On "Starting Point" this morning, Kansas City Mayor Sly James talks with John Berman and Christine Romans about the unarmed man who rushed the stage during his State of City Speech.
James, who has been mayor since May 2011, believes that it was clear the man "had something to say, and he was intent on saying it.” Derron Black had unsuccessfully run for the Missouri House last year, and was taken into custody after the incident. The mayor seemed unfazed while security apprehended Black, and removed him from stage. James’ calm and cool demeanor can be attributed to his time in the Marine Corps.
James does not think this was a security breach, and has “nothing but faith” in his security team. He feels part of being a mayor is having people around him at all times, and that any added security would make him unapproachable.
“I’m not the President, I’m the mayor of a city, I’m supposed to be out with the people talking to them,” he says.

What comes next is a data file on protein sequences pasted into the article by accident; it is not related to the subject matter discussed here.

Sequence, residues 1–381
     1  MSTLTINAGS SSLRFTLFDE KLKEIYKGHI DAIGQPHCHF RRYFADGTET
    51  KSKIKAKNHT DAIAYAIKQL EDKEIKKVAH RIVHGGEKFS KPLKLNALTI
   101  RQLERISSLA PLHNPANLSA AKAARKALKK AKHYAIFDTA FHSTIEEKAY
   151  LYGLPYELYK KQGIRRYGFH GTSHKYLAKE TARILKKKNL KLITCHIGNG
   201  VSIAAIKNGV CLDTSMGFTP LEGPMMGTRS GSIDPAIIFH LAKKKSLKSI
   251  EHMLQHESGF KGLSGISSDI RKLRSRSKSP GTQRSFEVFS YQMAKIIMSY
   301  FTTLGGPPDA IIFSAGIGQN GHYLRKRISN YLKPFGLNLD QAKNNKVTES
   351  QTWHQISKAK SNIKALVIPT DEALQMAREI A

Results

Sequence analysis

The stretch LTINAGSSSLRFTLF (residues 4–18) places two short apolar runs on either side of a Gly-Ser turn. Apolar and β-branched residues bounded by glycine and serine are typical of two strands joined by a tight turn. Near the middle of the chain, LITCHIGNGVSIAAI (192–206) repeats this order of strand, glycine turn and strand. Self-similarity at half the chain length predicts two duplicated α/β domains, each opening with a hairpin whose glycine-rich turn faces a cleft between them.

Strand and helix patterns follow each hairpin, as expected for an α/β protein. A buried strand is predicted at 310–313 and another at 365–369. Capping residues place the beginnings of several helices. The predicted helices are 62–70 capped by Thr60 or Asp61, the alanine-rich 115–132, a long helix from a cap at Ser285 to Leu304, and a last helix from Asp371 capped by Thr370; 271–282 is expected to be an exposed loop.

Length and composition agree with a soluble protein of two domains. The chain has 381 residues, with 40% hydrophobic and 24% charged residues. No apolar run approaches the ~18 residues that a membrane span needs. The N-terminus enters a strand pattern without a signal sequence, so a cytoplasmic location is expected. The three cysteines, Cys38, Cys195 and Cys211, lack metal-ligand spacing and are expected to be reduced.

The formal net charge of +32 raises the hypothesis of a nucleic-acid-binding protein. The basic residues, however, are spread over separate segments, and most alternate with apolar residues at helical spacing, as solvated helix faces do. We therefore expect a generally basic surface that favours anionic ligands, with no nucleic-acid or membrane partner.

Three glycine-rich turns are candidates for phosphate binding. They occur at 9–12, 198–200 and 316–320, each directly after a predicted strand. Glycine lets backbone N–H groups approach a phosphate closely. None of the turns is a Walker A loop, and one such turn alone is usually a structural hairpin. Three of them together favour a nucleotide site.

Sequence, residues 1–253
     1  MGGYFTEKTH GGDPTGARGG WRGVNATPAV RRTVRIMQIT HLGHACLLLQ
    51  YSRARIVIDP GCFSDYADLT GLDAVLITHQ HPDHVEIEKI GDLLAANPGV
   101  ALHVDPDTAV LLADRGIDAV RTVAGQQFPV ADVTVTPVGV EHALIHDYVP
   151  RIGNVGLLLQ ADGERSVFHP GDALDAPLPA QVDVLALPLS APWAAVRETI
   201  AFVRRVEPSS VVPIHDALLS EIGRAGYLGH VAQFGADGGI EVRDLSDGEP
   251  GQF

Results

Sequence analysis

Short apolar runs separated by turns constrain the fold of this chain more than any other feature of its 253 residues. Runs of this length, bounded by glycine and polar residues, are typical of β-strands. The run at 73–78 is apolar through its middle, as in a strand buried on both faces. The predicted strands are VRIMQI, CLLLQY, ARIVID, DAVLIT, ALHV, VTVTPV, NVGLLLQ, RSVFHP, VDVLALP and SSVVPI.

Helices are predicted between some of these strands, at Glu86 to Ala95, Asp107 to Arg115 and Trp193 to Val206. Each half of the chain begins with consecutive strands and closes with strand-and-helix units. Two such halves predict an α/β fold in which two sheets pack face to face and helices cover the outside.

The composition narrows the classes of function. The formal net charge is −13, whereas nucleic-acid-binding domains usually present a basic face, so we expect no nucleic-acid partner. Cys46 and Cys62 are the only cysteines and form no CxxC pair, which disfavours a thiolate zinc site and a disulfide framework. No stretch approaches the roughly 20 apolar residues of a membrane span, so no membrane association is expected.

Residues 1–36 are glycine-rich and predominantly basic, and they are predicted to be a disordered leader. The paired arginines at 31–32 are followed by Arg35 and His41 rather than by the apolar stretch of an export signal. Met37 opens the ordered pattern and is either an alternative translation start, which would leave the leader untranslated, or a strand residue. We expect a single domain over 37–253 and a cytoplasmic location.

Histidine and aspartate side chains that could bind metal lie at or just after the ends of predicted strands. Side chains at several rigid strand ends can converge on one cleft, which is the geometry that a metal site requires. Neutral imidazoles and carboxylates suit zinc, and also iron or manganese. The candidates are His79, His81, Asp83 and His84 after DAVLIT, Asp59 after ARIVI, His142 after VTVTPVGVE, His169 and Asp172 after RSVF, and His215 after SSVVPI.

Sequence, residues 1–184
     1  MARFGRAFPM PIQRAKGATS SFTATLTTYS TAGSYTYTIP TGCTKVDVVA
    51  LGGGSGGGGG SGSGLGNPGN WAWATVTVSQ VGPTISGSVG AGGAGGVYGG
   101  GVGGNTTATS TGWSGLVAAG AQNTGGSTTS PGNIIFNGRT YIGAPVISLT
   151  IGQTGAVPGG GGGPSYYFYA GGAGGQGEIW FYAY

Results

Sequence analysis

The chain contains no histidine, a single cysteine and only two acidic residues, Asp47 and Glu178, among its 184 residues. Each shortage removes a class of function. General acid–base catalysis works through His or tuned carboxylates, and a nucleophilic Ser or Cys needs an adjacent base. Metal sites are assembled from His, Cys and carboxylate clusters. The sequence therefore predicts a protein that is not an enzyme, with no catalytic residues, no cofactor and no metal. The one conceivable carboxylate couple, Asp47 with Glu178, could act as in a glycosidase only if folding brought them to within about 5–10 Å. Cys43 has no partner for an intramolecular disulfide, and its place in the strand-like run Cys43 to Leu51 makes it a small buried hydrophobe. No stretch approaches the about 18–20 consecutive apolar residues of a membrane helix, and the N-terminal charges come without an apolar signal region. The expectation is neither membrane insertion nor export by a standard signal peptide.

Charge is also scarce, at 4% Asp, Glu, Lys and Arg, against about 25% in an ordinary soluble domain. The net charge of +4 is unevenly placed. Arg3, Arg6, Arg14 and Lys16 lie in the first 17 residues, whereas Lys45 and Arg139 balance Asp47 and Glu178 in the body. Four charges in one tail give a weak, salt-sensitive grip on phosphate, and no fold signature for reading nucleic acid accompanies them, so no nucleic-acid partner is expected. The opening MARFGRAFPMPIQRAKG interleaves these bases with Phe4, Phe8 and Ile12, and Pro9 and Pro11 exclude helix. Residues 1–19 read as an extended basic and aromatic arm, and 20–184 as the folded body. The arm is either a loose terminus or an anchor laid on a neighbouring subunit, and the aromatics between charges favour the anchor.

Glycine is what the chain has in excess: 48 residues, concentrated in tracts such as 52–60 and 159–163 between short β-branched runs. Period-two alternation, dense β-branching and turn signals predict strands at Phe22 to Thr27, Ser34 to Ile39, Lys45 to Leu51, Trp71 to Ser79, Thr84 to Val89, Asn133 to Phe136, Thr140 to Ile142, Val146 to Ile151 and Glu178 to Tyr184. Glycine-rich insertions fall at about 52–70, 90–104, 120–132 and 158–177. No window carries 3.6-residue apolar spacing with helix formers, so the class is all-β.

Given the problems facing certain parts of Kansas City such as unemployment, lack of education, high crime rates, and poverty, the mayor sympathizes with the man’s frustrations, “the only difference that he and I may actually have is his method of delivery.”
As a parting note James wishes the man “nothing but the best, and perhaps at some point in the future we can have a conversation and get things straightened out.”
It all comes down to two in South Carolina's extra special special election.
Fmr. Gov. Mark Sanford will move forward into a run-off in the election to replace Rep. Tim Scott. But it's still not clear who Sanford will face in the Republican run-off.